2. Millennials are people, too! They use and consume content just as much, if not more than, older generations. The first place young people turn with questions is the internet, so my advice would be to make it accessible to them. My other suggestion would be to avoid falling into stereotypes and trends with this demographic—you can end up chasing "opportunities" with new apps/channels/mediums that might be old news to this group before you even get your campaign created and approved. Try to do some research about where your key customers and prospects find information, and meet them where they are with the information they need.

      3 Share
  • GK

    Gabe Kwakyi

    over 3 years ago #

    Thank you for joining AMA today, Justine! Sounds like some excellent content marketing success you and your team are driving!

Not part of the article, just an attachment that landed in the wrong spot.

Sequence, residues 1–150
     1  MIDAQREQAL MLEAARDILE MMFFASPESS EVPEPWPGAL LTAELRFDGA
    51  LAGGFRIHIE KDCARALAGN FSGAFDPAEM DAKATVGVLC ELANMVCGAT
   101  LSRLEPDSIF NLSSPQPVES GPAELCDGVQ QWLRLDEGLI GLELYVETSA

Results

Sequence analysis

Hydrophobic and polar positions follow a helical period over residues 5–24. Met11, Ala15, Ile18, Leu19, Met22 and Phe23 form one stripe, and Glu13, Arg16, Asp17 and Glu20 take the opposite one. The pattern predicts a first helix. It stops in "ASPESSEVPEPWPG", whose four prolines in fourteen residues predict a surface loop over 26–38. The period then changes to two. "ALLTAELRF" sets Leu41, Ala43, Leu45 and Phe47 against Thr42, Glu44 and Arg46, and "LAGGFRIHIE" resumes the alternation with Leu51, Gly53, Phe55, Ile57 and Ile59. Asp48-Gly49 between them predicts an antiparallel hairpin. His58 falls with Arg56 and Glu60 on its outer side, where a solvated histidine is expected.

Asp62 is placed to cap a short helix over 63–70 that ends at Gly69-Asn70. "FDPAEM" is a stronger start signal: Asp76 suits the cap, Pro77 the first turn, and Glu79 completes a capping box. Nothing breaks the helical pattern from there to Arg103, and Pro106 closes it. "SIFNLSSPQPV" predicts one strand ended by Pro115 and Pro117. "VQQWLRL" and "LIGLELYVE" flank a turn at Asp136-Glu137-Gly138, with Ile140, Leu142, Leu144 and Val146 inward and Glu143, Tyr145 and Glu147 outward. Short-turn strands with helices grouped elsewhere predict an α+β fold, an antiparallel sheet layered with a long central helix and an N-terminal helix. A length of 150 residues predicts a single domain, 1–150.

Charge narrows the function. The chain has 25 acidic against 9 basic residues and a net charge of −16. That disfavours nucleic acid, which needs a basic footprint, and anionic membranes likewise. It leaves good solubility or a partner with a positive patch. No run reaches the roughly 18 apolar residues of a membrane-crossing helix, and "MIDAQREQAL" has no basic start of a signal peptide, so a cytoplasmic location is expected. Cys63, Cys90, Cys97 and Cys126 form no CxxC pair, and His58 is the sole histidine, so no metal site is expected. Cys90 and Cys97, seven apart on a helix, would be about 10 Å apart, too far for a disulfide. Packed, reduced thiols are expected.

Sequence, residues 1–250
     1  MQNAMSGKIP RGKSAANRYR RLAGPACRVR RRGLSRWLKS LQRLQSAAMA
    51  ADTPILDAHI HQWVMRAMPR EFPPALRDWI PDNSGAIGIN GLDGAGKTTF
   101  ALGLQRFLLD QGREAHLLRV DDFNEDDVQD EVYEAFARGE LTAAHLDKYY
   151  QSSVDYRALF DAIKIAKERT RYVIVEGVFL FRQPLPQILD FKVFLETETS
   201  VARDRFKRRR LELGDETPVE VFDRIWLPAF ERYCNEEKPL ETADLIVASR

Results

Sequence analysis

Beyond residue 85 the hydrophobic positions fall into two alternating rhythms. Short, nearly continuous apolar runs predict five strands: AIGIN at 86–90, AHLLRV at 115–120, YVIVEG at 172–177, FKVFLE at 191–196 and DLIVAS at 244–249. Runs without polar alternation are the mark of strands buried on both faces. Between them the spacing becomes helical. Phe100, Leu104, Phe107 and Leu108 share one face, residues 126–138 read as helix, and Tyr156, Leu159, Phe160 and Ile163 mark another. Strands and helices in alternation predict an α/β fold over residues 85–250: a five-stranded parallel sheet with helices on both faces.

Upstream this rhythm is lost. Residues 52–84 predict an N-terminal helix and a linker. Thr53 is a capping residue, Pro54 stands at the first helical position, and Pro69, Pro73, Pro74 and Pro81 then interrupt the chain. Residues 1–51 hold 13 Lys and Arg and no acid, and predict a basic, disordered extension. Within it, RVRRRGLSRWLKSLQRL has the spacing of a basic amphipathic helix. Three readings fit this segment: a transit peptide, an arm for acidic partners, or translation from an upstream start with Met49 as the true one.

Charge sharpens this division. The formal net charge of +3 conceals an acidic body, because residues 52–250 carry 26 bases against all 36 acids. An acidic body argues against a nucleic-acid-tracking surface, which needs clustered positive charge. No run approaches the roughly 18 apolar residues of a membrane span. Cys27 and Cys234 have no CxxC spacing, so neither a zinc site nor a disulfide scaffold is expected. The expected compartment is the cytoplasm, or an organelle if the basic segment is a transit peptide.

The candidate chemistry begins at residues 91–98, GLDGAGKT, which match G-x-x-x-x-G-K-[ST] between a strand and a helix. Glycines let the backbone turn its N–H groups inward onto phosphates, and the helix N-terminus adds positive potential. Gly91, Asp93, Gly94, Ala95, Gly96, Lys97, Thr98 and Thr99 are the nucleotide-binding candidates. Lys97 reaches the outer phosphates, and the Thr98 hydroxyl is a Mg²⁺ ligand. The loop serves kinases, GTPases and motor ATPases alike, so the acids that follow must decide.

I have a couple questions:

    1. How you go about researching new topics and keywords to use in topics? Right now I'm looking at Quora questions and google keyword tool research but would love to hear your ideas :)

    2. Where do you distribute your blogs (social channels, email, medium/quora, content amplification like outbrain, external blog syndication, etc.) and where have you seen the best success for growing readsership?

    -Gabe

    • JJ

      Justine Jordan

      over 3 years ago #

      Hi Gabe! Thanks for joining the conversation today.